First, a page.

People may find my technique bad but considering I came out with A*AA and have constantly improved my grades each year at school I'm guessing what I have done is good. The first tip is complete ALL past papers for your chosen subject. DO NOT SLACK. If there is a past paper which you haven't done.......DO IT!! If you run out start doing them again.
For me I would wake up at 9am every morning and study hard until 11pm at night. I Would of course take frequent breaks and a main break would consist of going out for a jog or a bike ride to clear my head, get some fresh air and some exercise. Revision with other people is a good idea and teaching to other people is great also, however I found spending time alone to revise helped me to concetrate more and although my social life went down the pan, I am so glad I am where I am now and it took me literally one day to get my social life back, so don't worry, the studying is worth it in the end.
Well that's my advice. I wish you all the luck in the coming year and I am sure you will do fantastic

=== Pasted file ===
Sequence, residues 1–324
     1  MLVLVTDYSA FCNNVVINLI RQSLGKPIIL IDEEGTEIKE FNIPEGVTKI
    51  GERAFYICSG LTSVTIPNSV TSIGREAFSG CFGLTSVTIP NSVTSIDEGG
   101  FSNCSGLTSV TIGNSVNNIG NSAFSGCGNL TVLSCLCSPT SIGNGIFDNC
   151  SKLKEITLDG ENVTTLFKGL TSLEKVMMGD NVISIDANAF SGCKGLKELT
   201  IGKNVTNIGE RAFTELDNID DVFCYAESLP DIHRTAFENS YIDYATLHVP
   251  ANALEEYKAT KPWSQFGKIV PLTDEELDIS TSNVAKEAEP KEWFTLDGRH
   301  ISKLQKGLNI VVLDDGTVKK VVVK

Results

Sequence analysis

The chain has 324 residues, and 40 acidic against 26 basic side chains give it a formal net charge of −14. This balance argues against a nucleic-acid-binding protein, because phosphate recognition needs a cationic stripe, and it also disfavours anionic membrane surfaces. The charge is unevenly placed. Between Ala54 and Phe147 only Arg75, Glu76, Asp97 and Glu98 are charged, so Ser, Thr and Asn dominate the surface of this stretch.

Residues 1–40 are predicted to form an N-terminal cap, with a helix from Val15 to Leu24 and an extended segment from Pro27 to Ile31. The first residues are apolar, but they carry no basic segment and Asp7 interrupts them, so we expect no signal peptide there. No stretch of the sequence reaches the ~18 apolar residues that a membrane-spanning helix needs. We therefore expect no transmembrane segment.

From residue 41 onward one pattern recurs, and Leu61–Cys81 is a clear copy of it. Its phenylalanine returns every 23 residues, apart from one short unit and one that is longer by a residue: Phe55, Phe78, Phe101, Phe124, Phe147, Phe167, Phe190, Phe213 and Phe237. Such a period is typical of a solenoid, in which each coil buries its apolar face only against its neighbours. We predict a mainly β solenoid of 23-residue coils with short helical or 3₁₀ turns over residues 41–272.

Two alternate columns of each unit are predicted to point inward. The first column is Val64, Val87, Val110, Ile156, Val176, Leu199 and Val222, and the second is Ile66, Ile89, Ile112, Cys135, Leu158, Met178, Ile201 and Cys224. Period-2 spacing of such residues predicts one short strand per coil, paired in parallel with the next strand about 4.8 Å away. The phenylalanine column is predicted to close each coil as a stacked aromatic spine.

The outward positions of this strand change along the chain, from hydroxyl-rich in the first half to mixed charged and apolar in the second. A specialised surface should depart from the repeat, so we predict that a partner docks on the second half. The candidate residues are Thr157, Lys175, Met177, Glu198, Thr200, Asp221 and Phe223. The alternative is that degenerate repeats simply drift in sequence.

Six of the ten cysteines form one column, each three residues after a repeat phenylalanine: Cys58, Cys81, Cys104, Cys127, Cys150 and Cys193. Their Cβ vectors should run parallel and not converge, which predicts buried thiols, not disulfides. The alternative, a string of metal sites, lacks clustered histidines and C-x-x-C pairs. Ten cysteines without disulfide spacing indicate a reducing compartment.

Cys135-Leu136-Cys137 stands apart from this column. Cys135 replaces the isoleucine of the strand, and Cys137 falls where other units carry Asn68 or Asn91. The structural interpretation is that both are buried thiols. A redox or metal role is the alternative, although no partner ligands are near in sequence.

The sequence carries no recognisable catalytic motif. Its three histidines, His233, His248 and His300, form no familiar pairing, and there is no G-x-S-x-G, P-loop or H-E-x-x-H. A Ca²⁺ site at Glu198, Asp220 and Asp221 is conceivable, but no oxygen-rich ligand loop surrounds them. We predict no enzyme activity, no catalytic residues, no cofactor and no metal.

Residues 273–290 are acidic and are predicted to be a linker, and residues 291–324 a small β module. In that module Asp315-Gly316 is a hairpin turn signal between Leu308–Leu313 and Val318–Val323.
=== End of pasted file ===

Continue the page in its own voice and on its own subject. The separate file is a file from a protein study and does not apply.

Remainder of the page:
Revision tips there's nothing to say, you seemingly had covered a lot of stuff in terms of notes, past-papers etc. (and I did much less than that in lower time-frame), so you say...But on the day of the exam, you gotta keep fresh, have a good night's sleep beforehand. It doesn't matter how much study you've done for it, if you're a tired, worrying, hungry/thirsty mess going in you're gonna **** up as it all goes out of the window.
Know what's expected of you. Sometimes out of two "right" answers, only one will get the marks.
(Original post by mel0n)
Why are you giving revision tips when you don't even revise? reading your politics textbook a day before your exam does not constitute revision
OP, why are you doing 4 hours at a time? Your concentration levels will drop after about 15 or 20 minutes!! When you feel that you're getting a bit bored or tired just get up, and go for a walk or for a drink of water or to eat something or alternatively if you really don't want to take such a break you could maybe change your revision technique after the 20 minutes or so? So maybe if you've been reading a text book for 20 mins, instead go on online for a 'break' but search for stuff regarding the subject you're revising.
Also, past papers are really helpful! Do them in the time it says on the paper, then go over them with a different colour and mark them and if there's any wrong answers, write in the right one next to it